As a college student, I participated in the American Studies Program in Washington, D.C. A professor said something that changed my life: "God has not just called you to himself through salvation in Christ. He has also called you to a specific role in his kingdom, and only when you discover what the Puritans called the "particular call" will you experience true meaning, purpose, and satisfaction in the Christian life."
I'd never heard that before. Newly zealous for God, I desperately wanted my life to count. A political studies major with a business minor, I was struggling to understand why God would care about politics or business. I debated whether to switch my major to something more "spiritual" like biblical studies.
Wanting to know more about "particular calling," I asked my professor to suggest a book on calling. He could not think of even one. I decided to do my own research. What I discovered baffled me. The doctrine of calling is one of the most significant teachings the Puritans handed down to us, one that shaped Western culture, and yet almost nothing had been written on it for hundreds of years. All I found were a handful of pages copied from the microfiche of two historic works, one from Martin Luther and another from a Puritan Divine. I treasured these few pages for years.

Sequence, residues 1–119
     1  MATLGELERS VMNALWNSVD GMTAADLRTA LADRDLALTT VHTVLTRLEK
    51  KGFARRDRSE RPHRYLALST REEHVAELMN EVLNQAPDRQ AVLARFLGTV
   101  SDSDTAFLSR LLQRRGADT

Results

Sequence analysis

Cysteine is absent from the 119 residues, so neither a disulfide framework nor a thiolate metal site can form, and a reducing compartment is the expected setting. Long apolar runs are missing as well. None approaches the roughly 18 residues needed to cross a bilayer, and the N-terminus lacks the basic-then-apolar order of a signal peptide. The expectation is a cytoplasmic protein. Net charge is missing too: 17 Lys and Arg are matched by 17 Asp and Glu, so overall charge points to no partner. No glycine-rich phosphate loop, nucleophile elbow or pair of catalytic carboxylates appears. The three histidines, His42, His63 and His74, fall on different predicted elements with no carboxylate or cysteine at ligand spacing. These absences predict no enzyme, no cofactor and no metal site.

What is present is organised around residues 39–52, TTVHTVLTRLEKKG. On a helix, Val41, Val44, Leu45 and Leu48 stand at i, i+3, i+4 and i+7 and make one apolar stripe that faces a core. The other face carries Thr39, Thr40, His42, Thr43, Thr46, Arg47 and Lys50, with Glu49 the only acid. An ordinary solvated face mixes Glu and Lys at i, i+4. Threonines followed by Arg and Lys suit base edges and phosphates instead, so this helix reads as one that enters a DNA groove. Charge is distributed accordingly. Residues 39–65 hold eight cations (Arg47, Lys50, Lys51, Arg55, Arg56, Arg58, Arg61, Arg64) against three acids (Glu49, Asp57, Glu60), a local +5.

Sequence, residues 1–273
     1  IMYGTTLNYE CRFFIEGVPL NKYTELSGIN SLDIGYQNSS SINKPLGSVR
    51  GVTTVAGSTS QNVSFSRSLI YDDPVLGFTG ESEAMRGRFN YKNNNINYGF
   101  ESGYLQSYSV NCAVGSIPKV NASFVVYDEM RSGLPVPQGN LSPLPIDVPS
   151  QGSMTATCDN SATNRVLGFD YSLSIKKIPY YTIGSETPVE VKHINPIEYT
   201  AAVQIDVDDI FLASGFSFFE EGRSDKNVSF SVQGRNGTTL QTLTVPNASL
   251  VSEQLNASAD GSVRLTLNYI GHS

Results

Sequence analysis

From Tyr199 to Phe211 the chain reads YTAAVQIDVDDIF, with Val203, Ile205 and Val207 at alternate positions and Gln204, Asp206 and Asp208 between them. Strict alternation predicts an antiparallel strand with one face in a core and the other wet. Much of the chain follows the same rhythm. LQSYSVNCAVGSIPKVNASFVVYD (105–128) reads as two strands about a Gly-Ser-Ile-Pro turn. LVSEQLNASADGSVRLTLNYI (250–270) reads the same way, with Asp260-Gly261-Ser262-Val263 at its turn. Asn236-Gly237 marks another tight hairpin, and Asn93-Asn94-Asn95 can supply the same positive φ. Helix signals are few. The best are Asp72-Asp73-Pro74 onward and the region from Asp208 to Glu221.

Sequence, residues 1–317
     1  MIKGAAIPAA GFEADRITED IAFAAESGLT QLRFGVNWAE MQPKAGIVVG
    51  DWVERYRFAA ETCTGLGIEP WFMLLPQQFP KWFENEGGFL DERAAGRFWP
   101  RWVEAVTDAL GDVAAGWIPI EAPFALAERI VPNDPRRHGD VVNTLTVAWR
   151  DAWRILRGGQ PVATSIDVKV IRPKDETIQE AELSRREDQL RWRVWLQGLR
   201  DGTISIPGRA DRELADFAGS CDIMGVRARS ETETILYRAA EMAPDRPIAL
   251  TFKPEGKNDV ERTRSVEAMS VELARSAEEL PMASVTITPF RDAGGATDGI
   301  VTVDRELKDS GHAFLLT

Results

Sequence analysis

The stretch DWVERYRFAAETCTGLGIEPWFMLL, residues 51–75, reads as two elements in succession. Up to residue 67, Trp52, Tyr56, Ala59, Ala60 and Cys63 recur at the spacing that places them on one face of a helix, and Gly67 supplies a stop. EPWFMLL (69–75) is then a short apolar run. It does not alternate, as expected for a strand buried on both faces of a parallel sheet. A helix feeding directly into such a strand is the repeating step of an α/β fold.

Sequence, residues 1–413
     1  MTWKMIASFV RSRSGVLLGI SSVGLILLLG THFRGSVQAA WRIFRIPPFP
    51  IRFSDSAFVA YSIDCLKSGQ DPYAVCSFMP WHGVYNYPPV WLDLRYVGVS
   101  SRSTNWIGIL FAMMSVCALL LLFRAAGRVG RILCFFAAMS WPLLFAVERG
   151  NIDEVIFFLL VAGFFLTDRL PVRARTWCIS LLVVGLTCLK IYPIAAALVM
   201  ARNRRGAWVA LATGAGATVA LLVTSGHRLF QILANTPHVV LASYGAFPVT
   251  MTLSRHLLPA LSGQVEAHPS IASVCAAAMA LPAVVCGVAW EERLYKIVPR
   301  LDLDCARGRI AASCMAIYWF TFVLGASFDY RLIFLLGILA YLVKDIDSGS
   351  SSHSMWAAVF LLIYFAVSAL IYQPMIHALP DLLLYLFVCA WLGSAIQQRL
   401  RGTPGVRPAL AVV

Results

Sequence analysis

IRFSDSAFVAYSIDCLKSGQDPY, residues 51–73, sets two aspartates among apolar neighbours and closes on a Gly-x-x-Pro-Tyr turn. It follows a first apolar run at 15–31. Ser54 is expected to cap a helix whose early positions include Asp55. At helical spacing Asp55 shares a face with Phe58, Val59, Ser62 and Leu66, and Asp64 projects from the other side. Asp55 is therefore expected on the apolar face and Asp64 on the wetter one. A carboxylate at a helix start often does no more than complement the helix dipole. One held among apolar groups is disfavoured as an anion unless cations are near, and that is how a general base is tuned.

Years after my initial research, I was thrilled when Os Guinness wrote two outstanding books on calling, retrieving this explosive doctrine for our generation. In The Call, he writes, "Calling is the truth that God calls us to himself so decisively that everything we are, everything we do, and everything we have is invested with a special devotion and dynamism lived out as a response to his summons and service."
Guinness distinguishes two kinds ...